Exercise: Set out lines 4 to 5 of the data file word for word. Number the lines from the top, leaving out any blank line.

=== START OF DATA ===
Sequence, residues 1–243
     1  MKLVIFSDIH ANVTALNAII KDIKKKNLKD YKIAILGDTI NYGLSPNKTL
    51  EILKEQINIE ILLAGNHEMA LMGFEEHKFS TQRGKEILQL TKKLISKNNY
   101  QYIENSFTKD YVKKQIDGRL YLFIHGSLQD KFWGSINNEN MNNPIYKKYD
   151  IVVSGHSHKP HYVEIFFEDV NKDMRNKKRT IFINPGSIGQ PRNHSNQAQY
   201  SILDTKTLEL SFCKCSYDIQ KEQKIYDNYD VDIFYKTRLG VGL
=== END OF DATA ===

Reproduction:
   101  QYIENSFTKD YVKKQIDGRL YLFIHGSLQD KFWGSINNEN MNNPIYKKYD
   151  IVVSGHSHKP HYVEIFFEDV NKDMRNKKRT IFINPGSIGQ PRNHSNQAQY